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What you need to know about React Native Development

The React Native framework includes dozens of features that have proven advantageous. A sharable code repository and reusable components are some of the features that have been drawing attention towards the relatively new framework. It’s quite intuitive and with just a little bit of expertise in JavaScript and UI Frameworks it’s easy to get started fairly quickly.

Cross platform development frameworks have been around for a while. In the past, the main gripe that people have had with these frameworks is their lack of acknowledgement of the differences between platforms. This is where React Native really shines, allowing you to include separate modules specific for iOS and Android like status bars, navigation, or the accessibility with native device elements like the camera and contacts which are built according to the platform.

Another advantage of React Native development is that you can use libraries like ReactXP and React Native for Web, which allows you to develop a cross-platform mobile app that can be made available on the web, meaning you really get the best of all three worlds.

Building out your Development Team

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Using React Native, web developers can actually become mobile developers if they have a little bit of knowledge on UI Elements and React. The framework is relatively easy to pick up and this can save you a lot of time and money when building a team, seeing as you can just have one web developer build out your business’s entire app stack. Whereas, if you were taking the native route, you’d most likely need a iOS Developer, a Android Developer, and an Additional Web Developer.

Furthermore, if you were to hire more developers, you’d be looking primarily at JavaScript developers. Having a team of the same type of developers proves advantageous for a variety of reasons. They can exchange knowledge, conduct code review, and understand each other’s code better than a team of a variety of different types of developers. This follows the vision React Native stands for, which is to bring the speed and ease of web development to cross-platform, with native results.

Now do note that using react native to build out your app doesn’t mean you wont need help from a native developer. If the application includes the usage of several native features we recommend to have a native developer do some work on their side to ensure your app is up to native standards.

Performance

Although native apps do have better accessibility to device hardware and platform specific implementations, apps written in React Native have been performing similarly and sometimes even better than Native apps. This was proved by John A. Calderaio in his article ‘Comparing the Performance between Native iOS and React Native.’ When comparing native iOS and React Native apps by measuring both of the application’s GPU, CPU, and Memory during the tasks in several different screens, the apps were almost identical in performance. The React Native app, winning two out of the three categories, beat iOS native as the better performing platform.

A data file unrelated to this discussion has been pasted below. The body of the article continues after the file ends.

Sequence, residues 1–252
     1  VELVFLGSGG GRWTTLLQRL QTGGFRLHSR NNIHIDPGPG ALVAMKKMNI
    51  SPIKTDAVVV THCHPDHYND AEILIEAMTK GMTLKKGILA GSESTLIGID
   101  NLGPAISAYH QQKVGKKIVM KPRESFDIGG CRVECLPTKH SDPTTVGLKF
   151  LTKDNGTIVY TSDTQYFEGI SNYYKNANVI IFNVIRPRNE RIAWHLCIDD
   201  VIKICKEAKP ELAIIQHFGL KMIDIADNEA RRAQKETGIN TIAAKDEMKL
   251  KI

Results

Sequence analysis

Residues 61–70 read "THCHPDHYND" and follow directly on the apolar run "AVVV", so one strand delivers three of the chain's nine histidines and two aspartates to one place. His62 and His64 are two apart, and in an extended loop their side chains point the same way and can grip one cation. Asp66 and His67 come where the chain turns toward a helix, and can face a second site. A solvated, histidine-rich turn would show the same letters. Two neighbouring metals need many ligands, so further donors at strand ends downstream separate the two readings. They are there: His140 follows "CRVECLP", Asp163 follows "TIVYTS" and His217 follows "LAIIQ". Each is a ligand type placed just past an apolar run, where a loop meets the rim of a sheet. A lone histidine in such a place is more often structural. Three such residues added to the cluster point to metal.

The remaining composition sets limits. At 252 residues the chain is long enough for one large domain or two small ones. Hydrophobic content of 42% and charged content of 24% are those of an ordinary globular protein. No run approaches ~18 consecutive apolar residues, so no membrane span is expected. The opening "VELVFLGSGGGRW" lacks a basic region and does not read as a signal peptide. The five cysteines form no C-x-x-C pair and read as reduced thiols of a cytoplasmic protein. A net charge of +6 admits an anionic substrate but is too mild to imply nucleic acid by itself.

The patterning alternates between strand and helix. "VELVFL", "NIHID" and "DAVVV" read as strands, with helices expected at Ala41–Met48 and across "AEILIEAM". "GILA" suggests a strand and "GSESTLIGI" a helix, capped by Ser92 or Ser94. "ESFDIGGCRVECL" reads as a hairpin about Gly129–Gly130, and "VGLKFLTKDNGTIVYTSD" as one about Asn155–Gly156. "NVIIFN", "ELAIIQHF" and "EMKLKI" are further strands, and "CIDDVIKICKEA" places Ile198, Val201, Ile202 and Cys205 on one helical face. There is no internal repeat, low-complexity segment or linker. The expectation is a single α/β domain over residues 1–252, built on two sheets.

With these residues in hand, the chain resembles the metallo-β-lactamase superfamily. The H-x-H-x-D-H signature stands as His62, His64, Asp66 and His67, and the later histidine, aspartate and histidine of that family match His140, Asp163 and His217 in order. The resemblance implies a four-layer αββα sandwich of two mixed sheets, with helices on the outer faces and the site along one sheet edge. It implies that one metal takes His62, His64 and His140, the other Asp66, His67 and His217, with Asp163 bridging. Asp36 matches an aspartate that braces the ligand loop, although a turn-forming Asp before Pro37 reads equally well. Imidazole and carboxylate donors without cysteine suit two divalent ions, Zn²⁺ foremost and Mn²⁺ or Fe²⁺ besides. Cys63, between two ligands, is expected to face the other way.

Stepping into the Developer’s Point Of View

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In Comparison to React, where you’d usually start with a bundler, such as Webpack, and then try to find the right modules for the app you’re developing, React Native comes complete with everything you need to just start writing your code.

Thanks to built-in hot/live reloading, developers don’t constantly have to be checking the results of their code by rebuilding the app. This feature massively increases development productivity and saves tons of time. The developer can see introduced changes right away as he is coding, without compiling.

The React Native component usage allows developers to easily drive basic tasks and functionalities such as scroll, animations, buttons, text inputs, etc. through efficient recipes. In comparison to Native development, the use of components in react native is a lot less complex, and saves a lot of time and frustration.

Native Modules: Where there are noticeable limitations

When developing a Native app there are countless native libraries to choose from. In comparison to these native alternatives, React Native definitely hides in the shadows. For Example, Apple provides swift users with a library that is guaranteed to be updated and written well, as they have to approve of these additions to their library. But when it comes to React Native, although there are a lot of different libraries and components, they are mostly provided by a third-party, and usually either leave a lot to be desired, or are just not up to par to those native modules.

The Bright Future Ahead

However, the React Native team, led by Facebook, have been collaborating with third parties and are constantly working on the betterment of react native. In the last year alone, there were over 2500 commits from 500 different contributors.

While existing React Native modules are lacking the documentation and completeness of native modules, they are easily editable and you can pretty much either change an existing module or develop one from scratch to match your needs, thanks to the simplicity provided when using React Native.

To wrap things up, we believe that React Native is a great platform and that businesses could save a lot of time and money by relying on a single shared code repository for a complete application stack available on all platforms. However, every app is different and your business might benefit from going the native route so that is something to keep in mind.